Jun 16, 2024  
2023-2024 Undergraduate/Graduate Catalog 
2023-2024 Undergraduate/Graduate Catalog [ARCHIVED CATALOG]

General Education: The Cardinal Core Curriculum

The Cardinal Core Curriculum is SUNY Plattsburgh’s general education program for the 21st century citizen. This program provides students with a rigorous and robust liberal arts education, grounded in perspectives of diversity and social justice. Undergraduate baccalaureate students complete the Foundation, including a selected Cardinal Foundation Seminar, as well as lower-and upper-division coursework in six Cardinal Core Categories to meet the Cardinal Core Curriculum Learning Outcomes . The Cardinal Core Curriculum guides the educational requirements for students who enter SUNY Plattsburgh as first year students, as well as students who transfer in with fewer than 24 credits. 

Transfer students who transfer in with 24 credits or more will be responsible for completing the SUNY General Education Framework  requirements rather than the complete Cardinal Core Curriculum. Students who enrolled in SUNY Plattsburgh for the first time prior to Fall 2021 should consult with their academic advisor for guidance on meeting general education and degree requirements.

Cardinal Core Curriculum

Foundation 6-14 Credits

The Foundation is a set of courses and/or competencies designed to introduce new college students to academic expectations at SUNY Plattsburgh. The keystone of the Foundation is the topical first-year course, the Cardinal Foundation Seminar. Here and in other Foundation courses, students begin to explore their roles and identities as members of a pluralistic society. The Foundation also prepares students with essential skills in written communication, mathematics competency, and information literacy.

Cardinal Foundation Seminar

Students explore interesting topics and are supported in the transition to college in the Cardinal Foundation Seminar. Designed to be taken by first year students.


Students may complete the Directed Self Placement process to determine their pathway for meeting the Writing requirement. It is recommended that students meet the college writing requirement in the first year. Alternatively, students who have a high school average of 85% or higher may directly enroll in ENG 101 - College Writing II (3 to 4 cr.). Students who have a high school average of less than 85% may begin a two course pathway with ENG 100 - College Writing I (4 cr.).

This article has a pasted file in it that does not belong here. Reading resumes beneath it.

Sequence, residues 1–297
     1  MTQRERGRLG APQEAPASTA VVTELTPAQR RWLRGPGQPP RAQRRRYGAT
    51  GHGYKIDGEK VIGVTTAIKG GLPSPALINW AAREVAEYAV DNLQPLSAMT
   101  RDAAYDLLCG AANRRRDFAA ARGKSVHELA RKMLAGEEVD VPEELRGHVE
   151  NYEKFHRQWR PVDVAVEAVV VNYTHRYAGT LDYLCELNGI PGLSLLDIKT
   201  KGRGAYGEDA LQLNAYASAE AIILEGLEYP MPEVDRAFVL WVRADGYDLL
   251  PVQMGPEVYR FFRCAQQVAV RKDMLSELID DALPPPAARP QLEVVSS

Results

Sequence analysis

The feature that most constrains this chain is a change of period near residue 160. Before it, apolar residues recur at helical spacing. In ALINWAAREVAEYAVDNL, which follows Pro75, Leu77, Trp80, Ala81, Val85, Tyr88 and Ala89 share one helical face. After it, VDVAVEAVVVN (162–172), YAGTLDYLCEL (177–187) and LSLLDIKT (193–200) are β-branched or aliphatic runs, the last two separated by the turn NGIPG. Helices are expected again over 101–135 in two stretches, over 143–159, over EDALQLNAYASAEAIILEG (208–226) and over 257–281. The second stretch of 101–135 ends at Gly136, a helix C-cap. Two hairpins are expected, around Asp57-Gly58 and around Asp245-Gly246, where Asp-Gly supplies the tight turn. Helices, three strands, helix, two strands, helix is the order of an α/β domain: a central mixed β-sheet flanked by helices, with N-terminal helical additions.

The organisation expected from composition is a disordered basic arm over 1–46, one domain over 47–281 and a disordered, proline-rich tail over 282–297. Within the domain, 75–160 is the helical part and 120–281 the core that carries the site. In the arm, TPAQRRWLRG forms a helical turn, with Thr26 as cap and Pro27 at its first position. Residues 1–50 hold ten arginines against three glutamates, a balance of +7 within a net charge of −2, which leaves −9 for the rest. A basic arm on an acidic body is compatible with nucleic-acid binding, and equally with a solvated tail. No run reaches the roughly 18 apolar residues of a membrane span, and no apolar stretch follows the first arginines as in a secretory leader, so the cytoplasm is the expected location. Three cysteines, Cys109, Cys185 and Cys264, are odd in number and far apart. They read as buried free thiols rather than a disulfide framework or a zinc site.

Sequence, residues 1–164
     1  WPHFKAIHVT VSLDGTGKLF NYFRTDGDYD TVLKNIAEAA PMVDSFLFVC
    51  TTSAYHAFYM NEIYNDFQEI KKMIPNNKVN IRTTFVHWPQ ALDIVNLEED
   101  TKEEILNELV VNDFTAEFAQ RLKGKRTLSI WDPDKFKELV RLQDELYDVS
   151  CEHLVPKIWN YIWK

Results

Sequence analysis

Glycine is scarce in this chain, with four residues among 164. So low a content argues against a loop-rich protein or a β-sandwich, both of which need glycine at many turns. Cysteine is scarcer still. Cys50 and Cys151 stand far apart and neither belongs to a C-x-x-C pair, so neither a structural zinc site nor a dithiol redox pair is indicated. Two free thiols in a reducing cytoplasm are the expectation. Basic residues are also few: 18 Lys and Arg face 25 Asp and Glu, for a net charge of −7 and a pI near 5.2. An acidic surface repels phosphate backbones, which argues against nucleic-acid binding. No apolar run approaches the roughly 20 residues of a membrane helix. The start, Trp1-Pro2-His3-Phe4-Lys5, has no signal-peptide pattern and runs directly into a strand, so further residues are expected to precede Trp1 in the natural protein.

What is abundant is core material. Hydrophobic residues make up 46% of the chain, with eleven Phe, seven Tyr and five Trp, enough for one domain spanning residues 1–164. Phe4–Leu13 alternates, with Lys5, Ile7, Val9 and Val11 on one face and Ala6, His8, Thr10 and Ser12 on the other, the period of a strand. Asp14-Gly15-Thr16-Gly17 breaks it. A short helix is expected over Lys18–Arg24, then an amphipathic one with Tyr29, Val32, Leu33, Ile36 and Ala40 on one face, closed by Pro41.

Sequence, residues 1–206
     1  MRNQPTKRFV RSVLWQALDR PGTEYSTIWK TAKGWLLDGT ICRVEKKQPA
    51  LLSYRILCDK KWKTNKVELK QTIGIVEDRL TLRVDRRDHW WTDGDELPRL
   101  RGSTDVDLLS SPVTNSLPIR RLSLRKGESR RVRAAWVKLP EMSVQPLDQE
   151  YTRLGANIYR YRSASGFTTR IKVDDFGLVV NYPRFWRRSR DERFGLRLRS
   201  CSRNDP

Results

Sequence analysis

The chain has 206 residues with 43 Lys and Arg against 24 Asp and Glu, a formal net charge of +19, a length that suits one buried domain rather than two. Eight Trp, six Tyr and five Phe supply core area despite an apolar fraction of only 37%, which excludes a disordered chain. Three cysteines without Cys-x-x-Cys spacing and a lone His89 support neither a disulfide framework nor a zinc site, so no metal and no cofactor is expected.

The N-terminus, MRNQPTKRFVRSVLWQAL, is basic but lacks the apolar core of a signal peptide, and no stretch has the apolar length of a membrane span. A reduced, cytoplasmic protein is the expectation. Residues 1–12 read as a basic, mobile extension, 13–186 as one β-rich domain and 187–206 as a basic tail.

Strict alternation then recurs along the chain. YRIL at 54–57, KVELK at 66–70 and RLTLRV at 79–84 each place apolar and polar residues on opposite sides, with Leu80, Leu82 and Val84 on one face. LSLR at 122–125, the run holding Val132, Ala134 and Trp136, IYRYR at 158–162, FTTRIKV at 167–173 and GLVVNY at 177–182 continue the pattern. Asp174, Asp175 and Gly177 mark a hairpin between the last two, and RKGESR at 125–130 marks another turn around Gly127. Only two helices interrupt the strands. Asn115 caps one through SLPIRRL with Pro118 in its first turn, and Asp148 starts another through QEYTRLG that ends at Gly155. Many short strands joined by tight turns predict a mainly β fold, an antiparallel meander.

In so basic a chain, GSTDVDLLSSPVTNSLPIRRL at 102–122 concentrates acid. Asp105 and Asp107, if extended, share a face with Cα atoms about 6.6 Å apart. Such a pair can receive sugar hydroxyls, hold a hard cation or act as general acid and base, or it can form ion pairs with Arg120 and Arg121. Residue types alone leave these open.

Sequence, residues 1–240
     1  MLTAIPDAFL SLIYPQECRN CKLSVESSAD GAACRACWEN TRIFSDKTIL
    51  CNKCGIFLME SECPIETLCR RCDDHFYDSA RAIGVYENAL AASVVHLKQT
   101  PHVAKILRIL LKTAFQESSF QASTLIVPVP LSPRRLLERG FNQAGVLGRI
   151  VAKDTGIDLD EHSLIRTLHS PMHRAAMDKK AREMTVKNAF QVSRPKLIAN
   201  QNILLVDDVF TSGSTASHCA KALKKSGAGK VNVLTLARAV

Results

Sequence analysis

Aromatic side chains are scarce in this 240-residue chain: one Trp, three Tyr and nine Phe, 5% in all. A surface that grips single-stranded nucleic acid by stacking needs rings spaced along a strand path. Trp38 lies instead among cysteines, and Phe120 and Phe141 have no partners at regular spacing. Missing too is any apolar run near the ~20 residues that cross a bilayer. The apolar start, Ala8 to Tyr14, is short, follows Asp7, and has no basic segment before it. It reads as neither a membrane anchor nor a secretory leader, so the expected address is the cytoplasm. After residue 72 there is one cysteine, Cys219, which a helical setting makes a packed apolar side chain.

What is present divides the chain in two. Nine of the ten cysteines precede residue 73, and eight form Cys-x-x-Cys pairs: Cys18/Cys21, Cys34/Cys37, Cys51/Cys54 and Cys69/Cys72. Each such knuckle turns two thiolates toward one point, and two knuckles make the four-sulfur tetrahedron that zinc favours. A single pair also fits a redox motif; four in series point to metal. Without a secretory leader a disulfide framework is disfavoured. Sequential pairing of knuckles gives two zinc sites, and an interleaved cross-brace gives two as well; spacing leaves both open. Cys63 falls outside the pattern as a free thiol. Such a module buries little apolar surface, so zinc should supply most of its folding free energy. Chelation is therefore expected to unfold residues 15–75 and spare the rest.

Information Literacy

Students should take LIB 190  with ENG 101  during the first year; thereafter, it is recommended that LIB 190  be taken before or at the same time as ENG 101 . The Information Literacy Competency Exam meets the requirement but does not award credit, does not replace a previously earned grade in LIB190, and can only be attempted once per academic year.


To enroll in a math course other than MAT 101 MAT 106 MAT 108 , or a course in the Quantitative Reasoning category of the Cardinal Core Curriculum, students must first demonstrate competency in Mathematics. This can be accomplished by meeting one of the following:

Cardinal Core Categories 27 Credits

The six Cardinal Core Categories provide students with the opportunity to explore a wide range of multi-disciplinary topics. Each course within the Categories addresses content knowledge, skills (including communication, critical thinking, discovery and inquiry, and quantitiative reasoning), and perspectives on responsibility in the areas of individual development, social justice, and global awareness.

Students must complete at least one course from each category, a minimum of 27 credits from among the categories, and at least six credits must be from upper division courses (300 or 400 level) in any category. No more than 3 courses with the same prefix (except for HON) may be used towards the Cardinal Core Categories.

Human Communities

Courses in this area promote a critical self-awareness of individuals’ roles and responsibilities within communities by examining how people interact with each other and in groups.

Individual Expression

Courses in this area encourage students to reflect on their roles within a diverse society through exploration of the multiple ways we reason, engage with, document, and creatively represent or express the range of human experience.

World Cultures

Courses in this area explore communities, histories, and institutions outside the United States to engage students in critical examination of their roles in a global society.